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Re: [mediaqueries4] pointer: coarse and pannable, zoomable viewports

From: Stu Cox <stuart.cox@gmail.com>
Date: Fri, 1 Mar 2013 00:02:39 +0000
Message-ID: <CAJ-2Ov5fPdW==hYypScu2b-90ZHo97nbijNgZh0Lm-Y_mRNEHg@mail.gmail.com>
To: www-style@w3.org
> I am a bit late to the conversation, but here is how I envisioned it when
> I wrote it up.
>
> First, let's quote what I wrote, it may not be very clear, but it is
> actually
> intended to provide some guidance over this:
>
> "If a device has multiple input mechanisms, it is recommended that the UA
> reports the characteristics of the least capable pointing device of the
> primary input mechanisms."
>
> So as you said, the UA picks the lowest resolution, but not necessarily
of
> all input devices, just of the primary ones. By primary, I mean the
normal
> way to interact with the device.
>
> This media feature does not indicate that the user will never be able to
> click accurately, only that it is inconvenient for him to do so. If you
> require accurate clicks when the MQ said 'coarse', you may be forcing the

> user to zoom, or you may be forcing him to fetch his optional blue-tooth
> mouse from across the room.
>
> Whether an input mechanism is primary or not is a subjective call from
the
> UA vendors. In a bunch of cases, it should be obvious, and then of
course,
> there is a grey area in the middle. My intention was to leave it up to
> vendors, as they know best how they know better than spec writers the UI
> paradigm of their device.
>
> On an old fashioned tablet-pc (this kind:
> http://en.wikipedia.org/wiki/Microsoft_Tablet_PC), you may consider the
> touch screen to be a secondary input device when the laptop is open. As
> you are then faced with the good old mouse driven UI, the touch screen is

> not expected to be the normal way to use the device. If you fold it to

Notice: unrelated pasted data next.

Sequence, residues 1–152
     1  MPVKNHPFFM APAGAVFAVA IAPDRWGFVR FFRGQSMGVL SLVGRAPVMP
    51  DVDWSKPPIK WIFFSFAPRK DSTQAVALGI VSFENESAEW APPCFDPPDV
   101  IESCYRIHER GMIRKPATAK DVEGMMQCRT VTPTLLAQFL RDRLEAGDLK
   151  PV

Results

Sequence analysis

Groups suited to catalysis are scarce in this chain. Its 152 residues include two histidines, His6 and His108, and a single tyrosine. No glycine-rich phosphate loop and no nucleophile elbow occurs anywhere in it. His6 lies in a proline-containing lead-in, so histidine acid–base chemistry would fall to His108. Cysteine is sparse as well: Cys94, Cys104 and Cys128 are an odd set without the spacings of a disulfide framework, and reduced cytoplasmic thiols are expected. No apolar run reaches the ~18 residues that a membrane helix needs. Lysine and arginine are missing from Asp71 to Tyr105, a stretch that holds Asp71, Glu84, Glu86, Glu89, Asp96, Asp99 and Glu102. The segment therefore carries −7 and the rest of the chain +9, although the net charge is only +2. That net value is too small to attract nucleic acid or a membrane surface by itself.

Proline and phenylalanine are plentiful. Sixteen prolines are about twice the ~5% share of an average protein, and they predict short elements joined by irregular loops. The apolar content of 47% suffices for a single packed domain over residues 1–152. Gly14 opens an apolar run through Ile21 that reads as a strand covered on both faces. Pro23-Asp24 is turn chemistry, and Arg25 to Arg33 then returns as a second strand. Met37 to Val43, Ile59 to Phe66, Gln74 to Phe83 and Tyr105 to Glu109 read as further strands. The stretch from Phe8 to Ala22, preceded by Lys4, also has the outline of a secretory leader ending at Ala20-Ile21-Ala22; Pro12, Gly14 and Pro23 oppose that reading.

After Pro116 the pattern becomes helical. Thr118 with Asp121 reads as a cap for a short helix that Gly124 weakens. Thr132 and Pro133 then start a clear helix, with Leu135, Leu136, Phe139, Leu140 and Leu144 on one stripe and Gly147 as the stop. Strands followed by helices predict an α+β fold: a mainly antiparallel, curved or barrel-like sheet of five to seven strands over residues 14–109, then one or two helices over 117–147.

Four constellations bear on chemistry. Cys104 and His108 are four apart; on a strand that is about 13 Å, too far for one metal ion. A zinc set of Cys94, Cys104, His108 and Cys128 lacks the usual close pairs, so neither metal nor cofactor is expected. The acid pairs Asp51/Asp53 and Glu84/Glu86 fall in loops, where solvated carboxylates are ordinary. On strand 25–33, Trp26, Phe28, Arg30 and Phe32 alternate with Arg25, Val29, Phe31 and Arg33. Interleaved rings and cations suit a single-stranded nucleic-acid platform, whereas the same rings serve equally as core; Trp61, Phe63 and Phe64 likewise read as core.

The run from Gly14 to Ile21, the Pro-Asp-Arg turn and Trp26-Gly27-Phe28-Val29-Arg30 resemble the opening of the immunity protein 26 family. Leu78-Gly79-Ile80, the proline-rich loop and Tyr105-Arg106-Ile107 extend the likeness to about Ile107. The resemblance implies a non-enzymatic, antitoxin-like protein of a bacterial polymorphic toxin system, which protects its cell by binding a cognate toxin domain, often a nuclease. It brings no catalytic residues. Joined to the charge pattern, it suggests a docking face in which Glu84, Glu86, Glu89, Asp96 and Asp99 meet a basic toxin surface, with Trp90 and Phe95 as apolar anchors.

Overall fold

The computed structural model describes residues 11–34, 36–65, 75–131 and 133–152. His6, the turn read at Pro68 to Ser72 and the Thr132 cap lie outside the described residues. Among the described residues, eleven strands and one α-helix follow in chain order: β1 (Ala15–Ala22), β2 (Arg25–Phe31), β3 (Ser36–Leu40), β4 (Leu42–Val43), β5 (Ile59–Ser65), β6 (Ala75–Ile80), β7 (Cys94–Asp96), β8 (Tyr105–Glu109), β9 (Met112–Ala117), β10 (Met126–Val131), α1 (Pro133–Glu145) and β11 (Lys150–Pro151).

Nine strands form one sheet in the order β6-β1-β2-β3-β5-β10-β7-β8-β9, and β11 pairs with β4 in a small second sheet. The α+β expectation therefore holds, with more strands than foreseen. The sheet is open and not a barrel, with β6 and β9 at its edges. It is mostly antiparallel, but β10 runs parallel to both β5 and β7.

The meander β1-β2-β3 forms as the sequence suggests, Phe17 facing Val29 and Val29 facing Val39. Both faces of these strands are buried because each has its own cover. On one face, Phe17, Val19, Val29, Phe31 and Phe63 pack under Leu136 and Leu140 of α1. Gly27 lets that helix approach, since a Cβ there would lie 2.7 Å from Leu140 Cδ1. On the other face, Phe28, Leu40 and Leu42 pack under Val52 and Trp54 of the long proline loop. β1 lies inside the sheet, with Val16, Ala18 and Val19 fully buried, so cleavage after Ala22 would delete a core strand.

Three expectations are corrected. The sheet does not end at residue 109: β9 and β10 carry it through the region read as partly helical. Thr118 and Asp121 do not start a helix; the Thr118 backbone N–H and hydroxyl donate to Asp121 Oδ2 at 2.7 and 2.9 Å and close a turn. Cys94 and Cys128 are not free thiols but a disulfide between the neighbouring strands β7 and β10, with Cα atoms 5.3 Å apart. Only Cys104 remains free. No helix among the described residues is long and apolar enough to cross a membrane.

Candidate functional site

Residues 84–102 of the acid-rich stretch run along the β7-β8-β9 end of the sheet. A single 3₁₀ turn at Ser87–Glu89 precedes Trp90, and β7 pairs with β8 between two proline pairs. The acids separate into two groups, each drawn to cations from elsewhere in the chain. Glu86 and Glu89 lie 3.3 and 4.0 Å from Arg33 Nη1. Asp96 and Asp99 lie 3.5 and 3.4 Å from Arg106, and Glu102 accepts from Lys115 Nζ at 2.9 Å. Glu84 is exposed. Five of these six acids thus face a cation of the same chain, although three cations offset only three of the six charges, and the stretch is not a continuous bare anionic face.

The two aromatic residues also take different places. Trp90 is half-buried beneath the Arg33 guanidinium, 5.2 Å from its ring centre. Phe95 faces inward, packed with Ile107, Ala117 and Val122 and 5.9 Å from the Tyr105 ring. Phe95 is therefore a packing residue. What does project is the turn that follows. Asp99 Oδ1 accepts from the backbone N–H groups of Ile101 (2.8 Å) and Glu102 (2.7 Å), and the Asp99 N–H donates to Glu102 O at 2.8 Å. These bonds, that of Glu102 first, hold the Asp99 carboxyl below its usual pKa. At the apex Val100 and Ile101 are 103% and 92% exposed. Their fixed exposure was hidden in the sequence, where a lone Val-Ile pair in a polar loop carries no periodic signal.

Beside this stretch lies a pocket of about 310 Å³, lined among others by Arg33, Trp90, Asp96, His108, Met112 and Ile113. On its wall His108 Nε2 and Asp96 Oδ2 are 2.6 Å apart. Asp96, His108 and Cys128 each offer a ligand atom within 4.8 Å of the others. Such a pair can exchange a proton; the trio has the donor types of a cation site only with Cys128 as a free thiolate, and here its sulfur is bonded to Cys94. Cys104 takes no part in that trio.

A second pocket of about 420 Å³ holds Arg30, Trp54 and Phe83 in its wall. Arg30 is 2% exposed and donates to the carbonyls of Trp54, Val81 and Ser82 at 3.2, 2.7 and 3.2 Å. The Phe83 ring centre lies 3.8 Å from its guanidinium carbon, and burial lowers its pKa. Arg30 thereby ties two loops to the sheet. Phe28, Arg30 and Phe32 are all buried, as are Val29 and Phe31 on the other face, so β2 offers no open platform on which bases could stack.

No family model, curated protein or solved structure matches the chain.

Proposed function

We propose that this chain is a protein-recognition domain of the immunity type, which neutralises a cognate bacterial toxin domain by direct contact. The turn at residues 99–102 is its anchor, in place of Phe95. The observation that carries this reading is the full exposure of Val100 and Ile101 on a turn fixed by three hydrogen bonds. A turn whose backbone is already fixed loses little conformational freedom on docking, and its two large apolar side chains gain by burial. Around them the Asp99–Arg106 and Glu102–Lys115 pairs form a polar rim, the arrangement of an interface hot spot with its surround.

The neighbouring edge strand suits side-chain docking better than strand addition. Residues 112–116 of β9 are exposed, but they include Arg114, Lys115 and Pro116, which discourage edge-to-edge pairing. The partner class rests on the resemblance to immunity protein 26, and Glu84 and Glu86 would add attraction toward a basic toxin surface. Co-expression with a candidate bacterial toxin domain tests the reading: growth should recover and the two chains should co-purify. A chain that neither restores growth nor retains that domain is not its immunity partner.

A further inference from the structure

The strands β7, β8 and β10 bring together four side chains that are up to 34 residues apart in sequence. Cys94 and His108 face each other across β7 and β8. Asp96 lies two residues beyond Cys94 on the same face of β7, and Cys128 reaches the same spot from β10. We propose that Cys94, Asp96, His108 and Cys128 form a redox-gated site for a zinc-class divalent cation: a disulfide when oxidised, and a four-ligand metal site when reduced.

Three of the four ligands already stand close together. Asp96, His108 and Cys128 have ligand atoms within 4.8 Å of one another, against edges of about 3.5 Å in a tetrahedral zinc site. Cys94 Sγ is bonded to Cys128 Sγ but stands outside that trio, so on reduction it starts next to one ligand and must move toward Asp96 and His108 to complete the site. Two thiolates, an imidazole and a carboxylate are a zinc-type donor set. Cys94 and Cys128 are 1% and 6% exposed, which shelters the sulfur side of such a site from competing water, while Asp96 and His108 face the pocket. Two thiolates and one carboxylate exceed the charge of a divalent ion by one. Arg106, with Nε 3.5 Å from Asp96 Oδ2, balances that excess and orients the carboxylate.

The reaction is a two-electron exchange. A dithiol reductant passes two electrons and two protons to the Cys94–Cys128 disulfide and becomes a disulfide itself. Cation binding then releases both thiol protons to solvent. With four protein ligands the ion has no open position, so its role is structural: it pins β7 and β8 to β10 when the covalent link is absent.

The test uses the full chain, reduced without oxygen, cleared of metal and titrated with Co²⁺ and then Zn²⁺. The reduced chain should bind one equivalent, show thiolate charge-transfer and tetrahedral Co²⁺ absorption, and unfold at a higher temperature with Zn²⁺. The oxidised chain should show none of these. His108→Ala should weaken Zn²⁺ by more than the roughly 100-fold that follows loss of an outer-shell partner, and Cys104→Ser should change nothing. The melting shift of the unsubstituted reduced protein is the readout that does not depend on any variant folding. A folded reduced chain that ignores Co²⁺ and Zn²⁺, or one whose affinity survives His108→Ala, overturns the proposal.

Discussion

> tablet form, then the touch screen becomes the normal way to drive the
> device, and it would determine the media query.
>
> On the other hand, on a Microsoft Surface, I would expect (I might be
> wrong, having never used one) that even when the cover is connected,
touch
> is still intended to be a completely normal way of interacting with the
> device. In that case, both the touch screen and the trackpad on the cover

> would be considered primary input devices. In order not to force the user

> away from one of them, the MQ could report 'coarse'. Alternatively, if
> Microsoft thought that pluging the cover in indicates that we should
> switch to some kind of laptop mode, and makes various adjustments across
> the UI to be more suitable to the pad than to the touch screen, then
> switching to 'fine' could be more appropriate.
>
> If you remove the mouse from a desktop computer (who needs a mouse when
> you know all the keyboard shortcuts), you'd switch from 'fine' to 'none'.
>
> Plugging a game controller on a pc, however inaccurate, would not change
> the MQ, as the controller is not the normal way to interact with
computer,
> just an extra thing.
>
> I hope this clarifies what I had in mind. Does that sound reasonable?
>
>   - Florian


Hello,

I've just been catching up with this. I wonder if the "primary pointer"
issue could do with some more clarification.

You say above that choice of primary input mechanisms is a subjective
choice for the UA vendors. However, the Pointer Events spec gives a
slightly more formal definition implying that *any* two input devices
connected would be primary; e.g. touch and mouse; I quote:

> When two or more pointer device types are being used concurrently,
multiple pointers are considered primary.

It also only suggests "multi-touch" as an example of multiple pointers from
which a primary would be selected. This suggests that any connected device
would have one primary pointer and e.g. subsequent contact points of a
touch input would be a typical example of non-primary (secondary?) pointers.

Or are these definitions unrelated?


Stu Cox
Received on Friday, 1 March 2013 13:32:07 GMT

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